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What Is Pelvic Floor Dysfunction?

We mention pelvic floor dysfunction often and it’s kind of a blanket term that has a list of diagnoses beneath it.

Diagnoses Include:

  • Incontinence
  • Constipation
  • Diastasis Recti
  • Pelvic Organ Prolapse
  • Low Back Pain
  • Hip Pain

But what is the cause of pelvic floor dysfunction? Oftentimes it is caused by trauma, so pregnancy and birth can cause trauma to the pelvic floor, but so can car accidents and injuries. More subtle causes might be straining going to the bathroom, joint instability, constant clenching of the pelvic floor muscles and high-intensity workouts like running, crossfit and gymnastics.

Pelvic Floor Dysfunction is usually due to a lack of blood flow to the pelvic floor muscles which can be caused by scar tissue or hypertonicity, extreme tightness of the muscle. That is why the number one thing we do in Pelvic Floor Physical Therapy is address this issue with manual therapy both externally and internally.

Another common cause of Pelvic Floor Dysfunction is lack of coordination of these muscles. This does not mean just Kegel’s! The Diaphragm is an essential muscle in the core; it is beneath our lungs and when your pelvic floor is coordinated it moves with the pelvic floor muscles. On an inhale your diaphragm goes down and your pelvic floor relaxes on the exhale the diaphragm goes up and the pelvic floor contracts. This is why we are big advocates for not straining during a bowel movement by holding our breath and pushing we are using our internal force to push the stool out vs. taking big diaphragmatic breaths that facilitate the peristalsis in the colon and naturally move the stool out of the body with the internal rhythm of these muscles. Straining applies pressure to all of your internal organs not just the stool so this can cause a descent of the pelvic organs also known as a pelvic organ prolapse.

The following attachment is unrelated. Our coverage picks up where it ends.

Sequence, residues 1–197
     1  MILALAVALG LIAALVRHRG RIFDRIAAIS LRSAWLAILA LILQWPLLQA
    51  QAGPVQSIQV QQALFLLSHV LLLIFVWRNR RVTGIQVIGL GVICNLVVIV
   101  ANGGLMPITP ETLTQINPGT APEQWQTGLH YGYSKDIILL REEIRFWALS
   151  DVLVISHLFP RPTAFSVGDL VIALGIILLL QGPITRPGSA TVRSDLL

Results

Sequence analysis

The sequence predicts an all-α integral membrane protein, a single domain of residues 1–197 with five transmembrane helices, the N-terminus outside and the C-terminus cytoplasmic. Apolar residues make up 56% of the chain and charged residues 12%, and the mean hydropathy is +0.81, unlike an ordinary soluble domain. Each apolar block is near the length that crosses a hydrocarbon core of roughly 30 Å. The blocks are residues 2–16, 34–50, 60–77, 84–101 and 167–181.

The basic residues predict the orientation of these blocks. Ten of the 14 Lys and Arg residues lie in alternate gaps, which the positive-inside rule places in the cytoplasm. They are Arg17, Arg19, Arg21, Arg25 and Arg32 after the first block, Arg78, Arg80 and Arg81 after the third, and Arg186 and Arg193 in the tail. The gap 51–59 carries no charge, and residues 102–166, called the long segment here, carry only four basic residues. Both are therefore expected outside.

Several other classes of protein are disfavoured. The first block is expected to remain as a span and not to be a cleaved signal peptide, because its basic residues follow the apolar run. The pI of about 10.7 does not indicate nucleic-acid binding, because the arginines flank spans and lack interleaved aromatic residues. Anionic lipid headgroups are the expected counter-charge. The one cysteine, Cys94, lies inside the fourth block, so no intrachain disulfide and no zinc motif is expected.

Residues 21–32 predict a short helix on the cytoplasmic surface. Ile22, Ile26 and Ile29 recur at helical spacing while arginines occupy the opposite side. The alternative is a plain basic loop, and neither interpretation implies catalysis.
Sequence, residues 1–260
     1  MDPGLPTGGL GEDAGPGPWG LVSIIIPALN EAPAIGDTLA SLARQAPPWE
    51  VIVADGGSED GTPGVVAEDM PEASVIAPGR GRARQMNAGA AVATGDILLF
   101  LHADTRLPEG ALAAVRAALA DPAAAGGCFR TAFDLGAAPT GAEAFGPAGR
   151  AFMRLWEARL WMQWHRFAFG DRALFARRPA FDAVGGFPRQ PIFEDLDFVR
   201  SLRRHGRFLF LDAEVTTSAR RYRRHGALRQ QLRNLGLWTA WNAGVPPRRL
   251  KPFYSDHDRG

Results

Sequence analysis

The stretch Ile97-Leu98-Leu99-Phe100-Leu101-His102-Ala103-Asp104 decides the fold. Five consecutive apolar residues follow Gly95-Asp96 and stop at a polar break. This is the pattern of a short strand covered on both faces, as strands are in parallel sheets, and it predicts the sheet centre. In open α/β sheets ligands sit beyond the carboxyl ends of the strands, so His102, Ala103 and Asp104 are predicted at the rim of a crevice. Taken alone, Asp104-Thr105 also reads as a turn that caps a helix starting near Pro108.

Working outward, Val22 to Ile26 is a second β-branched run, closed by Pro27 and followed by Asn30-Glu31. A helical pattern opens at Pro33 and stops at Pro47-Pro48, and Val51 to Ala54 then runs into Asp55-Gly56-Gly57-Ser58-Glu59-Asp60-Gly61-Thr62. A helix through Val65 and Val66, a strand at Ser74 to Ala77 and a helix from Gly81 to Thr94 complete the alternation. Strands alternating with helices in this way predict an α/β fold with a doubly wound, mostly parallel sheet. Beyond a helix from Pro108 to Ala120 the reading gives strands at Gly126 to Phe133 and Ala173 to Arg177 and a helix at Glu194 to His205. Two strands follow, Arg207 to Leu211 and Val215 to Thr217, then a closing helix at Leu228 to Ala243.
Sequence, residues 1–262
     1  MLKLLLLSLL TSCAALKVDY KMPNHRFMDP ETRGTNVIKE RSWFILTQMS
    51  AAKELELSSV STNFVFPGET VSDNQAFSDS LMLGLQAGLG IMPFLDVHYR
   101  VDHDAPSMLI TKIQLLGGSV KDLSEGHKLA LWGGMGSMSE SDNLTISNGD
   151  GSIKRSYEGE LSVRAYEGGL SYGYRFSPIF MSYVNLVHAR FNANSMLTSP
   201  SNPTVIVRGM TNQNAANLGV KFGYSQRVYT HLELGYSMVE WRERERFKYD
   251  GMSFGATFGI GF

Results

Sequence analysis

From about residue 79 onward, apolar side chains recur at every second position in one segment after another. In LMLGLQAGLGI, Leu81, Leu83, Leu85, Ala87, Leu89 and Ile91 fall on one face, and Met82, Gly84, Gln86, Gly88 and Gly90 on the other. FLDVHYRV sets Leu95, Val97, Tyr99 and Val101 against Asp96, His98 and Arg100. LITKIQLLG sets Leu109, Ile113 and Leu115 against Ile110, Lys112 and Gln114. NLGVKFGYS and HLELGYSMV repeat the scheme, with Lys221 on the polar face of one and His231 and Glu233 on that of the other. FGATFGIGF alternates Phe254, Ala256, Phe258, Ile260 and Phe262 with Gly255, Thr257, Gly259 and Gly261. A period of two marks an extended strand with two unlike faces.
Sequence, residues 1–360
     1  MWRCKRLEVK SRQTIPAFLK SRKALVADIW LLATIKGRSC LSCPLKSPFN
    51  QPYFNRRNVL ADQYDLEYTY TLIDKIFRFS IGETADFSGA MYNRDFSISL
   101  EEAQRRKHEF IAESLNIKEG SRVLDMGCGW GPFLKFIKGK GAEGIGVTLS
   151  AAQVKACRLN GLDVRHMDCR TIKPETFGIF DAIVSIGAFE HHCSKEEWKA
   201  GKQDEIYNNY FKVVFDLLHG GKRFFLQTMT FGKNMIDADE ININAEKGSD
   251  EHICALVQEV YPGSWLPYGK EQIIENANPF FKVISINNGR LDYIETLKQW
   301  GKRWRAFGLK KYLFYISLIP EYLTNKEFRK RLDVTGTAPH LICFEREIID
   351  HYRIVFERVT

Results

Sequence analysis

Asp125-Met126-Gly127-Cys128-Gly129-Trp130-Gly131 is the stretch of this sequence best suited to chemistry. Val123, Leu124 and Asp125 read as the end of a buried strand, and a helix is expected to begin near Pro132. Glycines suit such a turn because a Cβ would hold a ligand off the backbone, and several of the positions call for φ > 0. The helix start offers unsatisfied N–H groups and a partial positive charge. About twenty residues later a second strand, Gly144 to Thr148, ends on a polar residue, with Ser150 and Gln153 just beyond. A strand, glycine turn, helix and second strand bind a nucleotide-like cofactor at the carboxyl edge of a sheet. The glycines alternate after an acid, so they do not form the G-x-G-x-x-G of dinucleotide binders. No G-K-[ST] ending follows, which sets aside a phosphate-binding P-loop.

Common issues that people usually attribute to motherhood or aging include:

  • Leaking
  • Hip and back pain
  • Discomfort with intercourse
  • Constipation

But really our bodies will compensate for pelvic floor dysfunction by putting strain on our joints and muscles. Our pelvic floor will continue to atrophy with a lack of blood flow and that leads to more leaking because that muscle is weak and can no longer control our bathroom functions. We always say just because it is common doesn’t mean it is normal. Addressing the issue holistically with an expert will eliminate the need for surgeries and medications down the road.

AUTHOR

Allison Feldt

Body Motion Physical Therapy

"We Help Women Through Fertility, Pregnancy, Birth, Postpartum and Beyond So They Can Live Active, Confident, Healthy Lives Without The Need For Medication Or Surgery"
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